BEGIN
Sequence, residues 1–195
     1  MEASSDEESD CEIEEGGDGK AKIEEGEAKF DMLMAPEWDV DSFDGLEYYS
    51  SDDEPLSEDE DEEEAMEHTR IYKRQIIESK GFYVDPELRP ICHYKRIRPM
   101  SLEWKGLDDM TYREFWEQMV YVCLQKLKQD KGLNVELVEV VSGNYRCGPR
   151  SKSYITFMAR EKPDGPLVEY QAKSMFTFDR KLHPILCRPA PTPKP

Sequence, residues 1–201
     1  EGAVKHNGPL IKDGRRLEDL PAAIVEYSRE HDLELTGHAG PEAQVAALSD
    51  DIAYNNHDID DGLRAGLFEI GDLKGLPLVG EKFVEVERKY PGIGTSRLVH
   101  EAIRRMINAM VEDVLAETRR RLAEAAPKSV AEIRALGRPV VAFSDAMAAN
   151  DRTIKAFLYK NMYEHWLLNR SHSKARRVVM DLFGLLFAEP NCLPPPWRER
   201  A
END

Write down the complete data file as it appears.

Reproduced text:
Sequence, residues 1–195
     1  MEASSDEESD CEIEEGGDGK AKIEEGEAKF DMLMAPEWDV DSFDGLEYYS
    51  SDDEPLSEDE DEEEAMEHTR IYKRQIIESK GFYVDPELRP ICHYKRIRPM
   101  SLEWKGLDDM TYREFWEQMV YVCLQKLKQD KGLNVELVEV VSGNYRCGPR
   151  SKSYITFMAR EKPDGPLVEY QAKSMFTFDR KLHPILCRPA PTPKP

Sequence, residues 1–201
     1  EGAVKHNGPL IKDGRRLEDL PAAIVEYSRE HDLELTGHAG PEAQVAALSD
    51  DIAYNNHDID DGLRAGLFEI GDLKGLPLVG EKFVEVERKY PGIGTSRLVH
   101  EAIRRMINAM VEDVLAETRR RLAEAAPKSV AEIRALGRPV VAFSDAMAAN
   151  DRTIKAFLYK NMYEHWLLNR SHSKARRVVM DLFGLLFAEP NCLPPPWRER
   201  A